Chapter 13 Review Exercises

Case Study

Chapter 14: Analysis of Variance

14.1 One-way Analysis of Variance

14.2 Two-way Analysis of Variance

Chapter 14 Summary

Chapter Quiz

Chapter 14 Review Exercises

Case Study

About the Author

William Navidi

William Navidi received a B.A. in mathematics from New College, an M.A in mathematics from Michigan State University, and a Ph.D. in statistics from the University of California at Berkeley. Dr. Navidi is a professor of applied mathematics and statistics at the Colorado School of Mines in Golden, Colorado. He began his teaching career at the County College of Morris in Dover, New Jersey. He has taught mathematics and statistics at all levels, from developmental through the graduate level. Dr. Navidi has written two engineering statistics textbooks for McGraw-Hill and has authored more than 50 research papers, both in statistical theory and in a wide variety of applications, including computer networks, epidemiology, molecular biology, chemical engineering, and geophysics.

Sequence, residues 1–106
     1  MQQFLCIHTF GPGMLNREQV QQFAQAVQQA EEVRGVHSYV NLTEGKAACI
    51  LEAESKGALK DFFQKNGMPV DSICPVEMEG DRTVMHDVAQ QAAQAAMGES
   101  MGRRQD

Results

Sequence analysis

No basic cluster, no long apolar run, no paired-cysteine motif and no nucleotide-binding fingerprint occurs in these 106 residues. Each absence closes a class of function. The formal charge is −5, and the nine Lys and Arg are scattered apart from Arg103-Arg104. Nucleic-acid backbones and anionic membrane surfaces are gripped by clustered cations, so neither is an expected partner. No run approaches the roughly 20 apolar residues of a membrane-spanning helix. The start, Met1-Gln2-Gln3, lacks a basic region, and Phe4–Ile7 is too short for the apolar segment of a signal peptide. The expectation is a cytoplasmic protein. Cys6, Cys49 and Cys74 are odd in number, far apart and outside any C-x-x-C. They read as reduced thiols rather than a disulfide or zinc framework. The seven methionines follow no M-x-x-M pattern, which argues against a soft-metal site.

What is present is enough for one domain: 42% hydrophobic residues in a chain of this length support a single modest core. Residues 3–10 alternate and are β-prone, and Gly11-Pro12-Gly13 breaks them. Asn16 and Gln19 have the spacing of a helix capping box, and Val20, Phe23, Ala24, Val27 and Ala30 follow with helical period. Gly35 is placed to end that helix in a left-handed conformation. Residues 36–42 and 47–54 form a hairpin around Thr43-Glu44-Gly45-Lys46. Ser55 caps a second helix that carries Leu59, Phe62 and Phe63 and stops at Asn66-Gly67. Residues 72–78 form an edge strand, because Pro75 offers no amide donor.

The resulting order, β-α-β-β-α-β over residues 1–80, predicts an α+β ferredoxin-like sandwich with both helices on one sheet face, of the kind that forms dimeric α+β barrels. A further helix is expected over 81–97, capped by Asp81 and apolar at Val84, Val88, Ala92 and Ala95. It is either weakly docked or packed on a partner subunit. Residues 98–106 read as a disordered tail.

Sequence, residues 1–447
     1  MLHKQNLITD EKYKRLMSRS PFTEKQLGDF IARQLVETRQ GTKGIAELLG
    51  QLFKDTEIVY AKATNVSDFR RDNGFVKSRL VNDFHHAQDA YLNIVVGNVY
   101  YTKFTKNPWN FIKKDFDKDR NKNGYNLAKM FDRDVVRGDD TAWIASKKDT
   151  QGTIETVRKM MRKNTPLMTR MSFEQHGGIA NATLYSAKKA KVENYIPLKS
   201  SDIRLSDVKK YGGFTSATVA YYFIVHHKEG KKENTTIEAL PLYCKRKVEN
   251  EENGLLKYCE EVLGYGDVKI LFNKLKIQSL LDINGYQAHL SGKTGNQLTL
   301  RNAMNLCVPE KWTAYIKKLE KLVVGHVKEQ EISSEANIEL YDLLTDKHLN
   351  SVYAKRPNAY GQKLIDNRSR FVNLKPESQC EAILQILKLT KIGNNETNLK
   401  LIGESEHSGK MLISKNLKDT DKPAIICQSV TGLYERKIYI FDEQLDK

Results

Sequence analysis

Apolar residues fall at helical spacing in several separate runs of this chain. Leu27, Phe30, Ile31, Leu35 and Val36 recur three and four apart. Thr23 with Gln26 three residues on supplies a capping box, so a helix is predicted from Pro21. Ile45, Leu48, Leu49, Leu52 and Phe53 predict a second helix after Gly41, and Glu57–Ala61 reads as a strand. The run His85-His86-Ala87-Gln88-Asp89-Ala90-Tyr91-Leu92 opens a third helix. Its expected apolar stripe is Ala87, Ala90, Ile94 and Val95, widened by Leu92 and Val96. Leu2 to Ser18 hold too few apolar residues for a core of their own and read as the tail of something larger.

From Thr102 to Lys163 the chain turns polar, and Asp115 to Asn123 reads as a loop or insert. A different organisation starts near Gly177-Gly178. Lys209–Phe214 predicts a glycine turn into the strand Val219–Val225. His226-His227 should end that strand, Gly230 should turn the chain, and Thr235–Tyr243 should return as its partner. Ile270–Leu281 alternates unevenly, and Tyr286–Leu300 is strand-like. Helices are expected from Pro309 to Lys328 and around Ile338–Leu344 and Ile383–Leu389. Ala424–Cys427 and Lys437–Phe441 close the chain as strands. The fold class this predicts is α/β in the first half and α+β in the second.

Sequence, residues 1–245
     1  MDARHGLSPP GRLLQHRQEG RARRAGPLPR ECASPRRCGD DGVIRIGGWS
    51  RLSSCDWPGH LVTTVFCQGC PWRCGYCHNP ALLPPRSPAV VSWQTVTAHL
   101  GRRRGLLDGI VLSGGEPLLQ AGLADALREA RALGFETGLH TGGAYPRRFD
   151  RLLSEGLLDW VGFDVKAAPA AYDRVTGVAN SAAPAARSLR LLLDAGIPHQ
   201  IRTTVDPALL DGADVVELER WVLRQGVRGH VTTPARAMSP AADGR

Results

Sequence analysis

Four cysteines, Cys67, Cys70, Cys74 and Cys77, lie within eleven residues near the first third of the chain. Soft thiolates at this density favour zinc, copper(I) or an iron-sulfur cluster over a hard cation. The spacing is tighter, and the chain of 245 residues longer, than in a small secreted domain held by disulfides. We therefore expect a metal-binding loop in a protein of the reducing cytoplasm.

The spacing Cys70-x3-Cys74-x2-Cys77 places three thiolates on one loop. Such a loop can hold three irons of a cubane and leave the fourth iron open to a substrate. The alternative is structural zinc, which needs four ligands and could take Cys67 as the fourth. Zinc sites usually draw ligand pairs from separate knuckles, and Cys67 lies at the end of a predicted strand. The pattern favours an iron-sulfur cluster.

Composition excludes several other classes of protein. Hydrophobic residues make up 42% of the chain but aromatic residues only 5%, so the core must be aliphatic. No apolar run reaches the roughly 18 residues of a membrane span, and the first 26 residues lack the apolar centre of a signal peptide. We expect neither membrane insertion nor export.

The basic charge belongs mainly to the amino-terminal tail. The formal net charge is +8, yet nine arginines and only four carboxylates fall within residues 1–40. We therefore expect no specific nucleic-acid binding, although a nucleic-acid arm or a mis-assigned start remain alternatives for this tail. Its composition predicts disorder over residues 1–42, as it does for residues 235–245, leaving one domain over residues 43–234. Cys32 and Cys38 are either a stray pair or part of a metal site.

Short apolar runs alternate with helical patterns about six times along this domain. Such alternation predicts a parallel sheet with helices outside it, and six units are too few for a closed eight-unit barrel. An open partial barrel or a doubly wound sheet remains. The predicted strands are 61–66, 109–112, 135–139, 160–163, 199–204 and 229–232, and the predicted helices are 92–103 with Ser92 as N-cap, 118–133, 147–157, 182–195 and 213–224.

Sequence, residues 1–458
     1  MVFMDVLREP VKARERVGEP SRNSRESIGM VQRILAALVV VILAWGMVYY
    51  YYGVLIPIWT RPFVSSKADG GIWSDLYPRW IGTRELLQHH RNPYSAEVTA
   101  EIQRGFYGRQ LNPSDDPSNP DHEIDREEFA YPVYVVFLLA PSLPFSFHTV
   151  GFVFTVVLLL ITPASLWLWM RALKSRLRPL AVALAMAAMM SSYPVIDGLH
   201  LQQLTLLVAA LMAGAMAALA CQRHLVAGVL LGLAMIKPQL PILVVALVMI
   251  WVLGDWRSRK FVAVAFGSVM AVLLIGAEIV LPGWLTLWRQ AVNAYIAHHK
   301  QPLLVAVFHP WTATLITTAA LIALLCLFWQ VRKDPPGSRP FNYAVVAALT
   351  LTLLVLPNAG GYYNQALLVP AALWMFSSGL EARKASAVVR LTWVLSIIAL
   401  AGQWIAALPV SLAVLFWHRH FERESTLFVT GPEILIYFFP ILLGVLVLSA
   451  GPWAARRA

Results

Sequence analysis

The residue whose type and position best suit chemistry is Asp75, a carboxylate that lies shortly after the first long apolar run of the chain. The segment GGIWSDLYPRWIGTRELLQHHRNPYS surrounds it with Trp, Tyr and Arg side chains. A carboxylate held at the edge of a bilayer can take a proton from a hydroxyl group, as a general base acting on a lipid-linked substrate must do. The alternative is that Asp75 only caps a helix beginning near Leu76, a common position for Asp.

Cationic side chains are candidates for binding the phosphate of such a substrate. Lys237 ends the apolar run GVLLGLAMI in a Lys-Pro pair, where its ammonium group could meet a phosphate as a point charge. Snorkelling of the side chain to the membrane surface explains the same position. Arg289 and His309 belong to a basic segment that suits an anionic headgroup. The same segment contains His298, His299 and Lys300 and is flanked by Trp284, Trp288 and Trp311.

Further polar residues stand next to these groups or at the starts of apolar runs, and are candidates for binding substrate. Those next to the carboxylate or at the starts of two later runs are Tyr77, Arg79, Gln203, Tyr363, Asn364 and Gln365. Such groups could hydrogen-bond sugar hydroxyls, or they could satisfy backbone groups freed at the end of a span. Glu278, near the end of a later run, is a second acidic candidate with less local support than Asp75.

Barry Monk

Barry Monk received a B.S. in mathematical statistics, an M.A. in mathematics specializing in optimization and statistics, and a Ph.D. in applied mathematics, all from the University of Alabama. Dr. Monk is a professor of mathematics at Middle Georgia State University in Macon, Georgia, where he has been employed since 2001. Dr. Monk was asked to serve as program coordinator of mathematics after only two years at Macon State College; he led the development of the bachelor's degree in mathematics program and the organization of the Southeastern Scholarship Conference on E-Learning for more than 10 years. He has been teaching introductory statistics since 1992 in the classroom and online.